Thanks so much for asking all these great questions!Tweet
March 19, 2013 2 Comments
So, I learned a few years ago that my dad never chews gum. As in never. I am not sure why I never knew this, but it struck me as interesting, in a family of gum chewers, that he is the lone non-gum person.
Write about bubble gum … from the first time you tried it to whether you still believe it’ll remain in your stomach for seven years if you swallow it. Then go on to write about other kinds of gum. Include everything you can think of in your history and relationship with chewing gum.Tweet
March 18, 2013 No Comments
Write about something you wear for good luck — a certain pair of shoes, a lucky sweater, a pair of earrings. Describe how you adopted the ritual, and then write a scene about a time this good-luck charm helped you.Tweet
March 11, 2013 No Comments
Write about a something in which you’re a member … a club, organization, writing group, etc., including how you came to be a member, how long you’ve been one, and how you like it (or don’t). Then write a scene that depicts one of your recent gatherings.
March 4, 2013 No Comments
A few weeks ago, my dear friend Judy Reeves was telling me about one of her amazing workshops, in which they worked in 90-minute intervals, then took a break, and then got back to work, and so on. It sounded so wonderfully efficient and productive — and in fact it was.
Then I came across this New York Times piece on the benefits of taking breaks — and while the article’s main focus is on the benefits of naps and vacations (of which I am also a big fan, though I never seem to take them), it also reveals the benefits of working in 90-minute intervals, which studies have shown lead to maximum productivity. Florida State University’s K. Anders Ericsson has studied elite performers (including musicians, athletes, actors, and chess players) and has learned that they do best when practicing in 90-minute sessions, with breaks in between.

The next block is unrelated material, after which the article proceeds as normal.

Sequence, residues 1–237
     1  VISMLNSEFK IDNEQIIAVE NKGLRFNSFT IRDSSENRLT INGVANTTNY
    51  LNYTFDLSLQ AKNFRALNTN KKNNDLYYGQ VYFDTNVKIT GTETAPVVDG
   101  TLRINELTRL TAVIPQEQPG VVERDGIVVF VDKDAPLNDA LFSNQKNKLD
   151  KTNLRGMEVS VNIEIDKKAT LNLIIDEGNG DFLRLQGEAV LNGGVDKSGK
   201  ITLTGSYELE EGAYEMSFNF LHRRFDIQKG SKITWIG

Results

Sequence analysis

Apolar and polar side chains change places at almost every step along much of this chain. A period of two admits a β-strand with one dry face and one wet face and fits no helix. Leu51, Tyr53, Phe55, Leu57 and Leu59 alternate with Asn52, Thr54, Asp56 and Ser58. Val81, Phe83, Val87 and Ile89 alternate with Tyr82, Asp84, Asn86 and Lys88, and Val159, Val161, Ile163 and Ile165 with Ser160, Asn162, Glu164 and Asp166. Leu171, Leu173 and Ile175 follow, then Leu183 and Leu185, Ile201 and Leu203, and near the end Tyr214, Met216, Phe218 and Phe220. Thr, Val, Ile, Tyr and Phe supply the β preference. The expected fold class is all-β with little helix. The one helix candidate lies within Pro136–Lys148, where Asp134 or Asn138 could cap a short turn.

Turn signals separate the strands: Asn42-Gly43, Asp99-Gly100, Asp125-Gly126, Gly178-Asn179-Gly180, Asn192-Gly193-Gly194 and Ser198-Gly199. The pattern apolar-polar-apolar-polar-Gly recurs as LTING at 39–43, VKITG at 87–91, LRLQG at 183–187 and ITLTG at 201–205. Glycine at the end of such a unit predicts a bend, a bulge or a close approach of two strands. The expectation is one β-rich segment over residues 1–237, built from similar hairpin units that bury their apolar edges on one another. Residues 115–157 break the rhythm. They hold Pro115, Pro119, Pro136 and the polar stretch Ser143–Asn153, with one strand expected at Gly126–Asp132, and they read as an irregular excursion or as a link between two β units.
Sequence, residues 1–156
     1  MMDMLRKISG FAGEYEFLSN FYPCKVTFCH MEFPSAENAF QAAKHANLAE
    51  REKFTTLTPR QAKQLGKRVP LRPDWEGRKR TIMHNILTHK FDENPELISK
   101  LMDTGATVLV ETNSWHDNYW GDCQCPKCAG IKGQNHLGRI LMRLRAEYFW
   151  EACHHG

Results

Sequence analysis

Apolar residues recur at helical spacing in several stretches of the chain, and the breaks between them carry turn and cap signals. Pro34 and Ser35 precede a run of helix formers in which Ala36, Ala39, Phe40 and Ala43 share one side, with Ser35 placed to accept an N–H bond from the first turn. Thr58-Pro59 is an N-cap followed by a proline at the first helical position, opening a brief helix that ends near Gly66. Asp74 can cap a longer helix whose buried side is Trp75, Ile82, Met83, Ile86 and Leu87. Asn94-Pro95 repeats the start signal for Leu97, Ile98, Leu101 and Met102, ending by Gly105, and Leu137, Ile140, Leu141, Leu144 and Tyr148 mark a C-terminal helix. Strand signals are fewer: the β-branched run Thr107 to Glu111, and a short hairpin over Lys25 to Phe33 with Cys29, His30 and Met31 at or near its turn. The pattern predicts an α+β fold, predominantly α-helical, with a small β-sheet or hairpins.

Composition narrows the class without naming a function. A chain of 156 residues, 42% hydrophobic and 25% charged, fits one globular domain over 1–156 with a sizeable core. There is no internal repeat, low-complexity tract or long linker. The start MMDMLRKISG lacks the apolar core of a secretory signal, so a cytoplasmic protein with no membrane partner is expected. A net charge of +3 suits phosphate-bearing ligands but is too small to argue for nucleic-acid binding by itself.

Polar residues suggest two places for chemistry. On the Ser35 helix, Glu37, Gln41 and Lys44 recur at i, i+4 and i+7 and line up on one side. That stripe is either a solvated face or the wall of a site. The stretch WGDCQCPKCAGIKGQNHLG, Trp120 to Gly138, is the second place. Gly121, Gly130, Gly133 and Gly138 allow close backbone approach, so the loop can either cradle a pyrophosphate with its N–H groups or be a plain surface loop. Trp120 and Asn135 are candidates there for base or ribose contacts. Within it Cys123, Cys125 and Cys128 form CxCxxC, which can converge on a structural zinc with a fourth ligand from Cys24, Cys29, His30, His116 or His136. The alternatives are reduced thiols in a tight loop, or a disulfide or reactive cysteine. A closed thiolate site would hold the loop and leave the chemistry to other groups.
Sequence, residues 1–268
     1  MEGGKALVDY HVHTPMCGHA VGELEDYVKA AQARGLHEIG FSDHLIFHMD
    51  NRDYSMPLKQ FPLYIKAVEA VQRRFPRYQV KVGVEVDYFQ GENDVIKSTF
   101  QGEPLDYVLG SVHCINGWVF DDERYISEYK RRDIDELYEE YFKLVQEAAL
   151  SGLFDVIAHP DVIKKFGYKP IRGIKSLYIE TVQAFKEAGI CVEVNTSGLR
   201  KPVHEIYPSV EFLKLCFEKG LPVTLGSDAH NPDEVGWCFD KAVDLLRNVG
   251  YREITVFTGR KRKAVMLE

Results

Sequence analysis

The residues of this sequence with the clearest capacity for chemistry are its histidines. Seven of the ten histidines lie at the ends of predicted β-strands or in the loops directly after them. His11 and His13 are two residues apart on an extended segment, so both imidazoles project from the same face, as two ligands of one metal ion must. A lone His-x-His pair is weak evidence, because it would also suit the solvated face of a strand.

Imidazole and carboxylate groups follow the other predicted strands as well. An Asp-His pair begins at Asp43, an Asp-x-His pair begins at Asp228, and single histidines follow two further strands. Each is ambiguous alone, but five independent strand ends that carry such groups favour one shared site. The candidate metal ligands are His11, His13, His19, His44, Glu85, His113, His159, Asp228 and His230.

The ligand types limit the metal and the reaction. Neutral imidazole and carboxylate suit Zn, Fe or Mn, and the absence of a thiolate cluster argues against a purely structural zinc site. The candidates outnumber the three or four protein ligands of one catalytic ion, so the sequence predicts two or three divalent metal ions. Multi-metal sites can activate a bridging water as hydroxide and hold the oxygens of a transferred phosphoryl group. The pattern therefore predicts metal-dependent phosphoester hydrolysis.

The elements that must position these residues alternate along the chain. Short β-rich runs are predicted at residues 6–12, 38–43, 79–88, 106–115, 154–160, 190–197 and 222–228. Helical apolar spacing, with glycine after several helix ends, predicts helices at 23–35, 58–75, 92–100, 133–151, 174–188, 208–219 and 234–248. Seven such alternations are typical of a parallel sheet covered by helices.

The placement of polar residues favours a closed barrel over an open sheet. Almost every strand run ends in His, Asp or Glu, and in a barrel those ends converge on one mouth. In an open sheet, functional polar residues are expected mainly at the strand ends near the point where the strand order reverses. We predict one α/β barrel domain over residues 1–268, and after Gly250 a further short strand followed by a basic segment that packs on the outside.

I have noticed, very unscientifically, that when I have more than two hours of writing time, I start to flag as I approach the second hour (I never take breaks because this is, after all, precious writing time). In fact, my waning energy always made me worry that, since that sort of uninterrupted time is such a luxury, I’d never get anything done if I couldn’t use my time well when I have it. But this article offers evidence that we need to apportion our time to our advantage — and include the necessary breaks we often don’t allow ourselves.
So, here’s a call to action for all you writers out there … or rather, here’s several:
- Schedule your next writing session at exactly 90 minutes (if you can).
- If you’ve got more than 90 minutes of time, take a break … or several.
- When you’re feeling uninspired, take a nap — even if it uses up your writing time.
- Take a notebook with you on your next vacation, and write for pleasure (not out of guilt or obligation — just jot down anything you’d like, for the fun of it).
I’m looking forward to trying this (especially the napping part). Happy writing!Tweet
February 26, 2013 4 Comments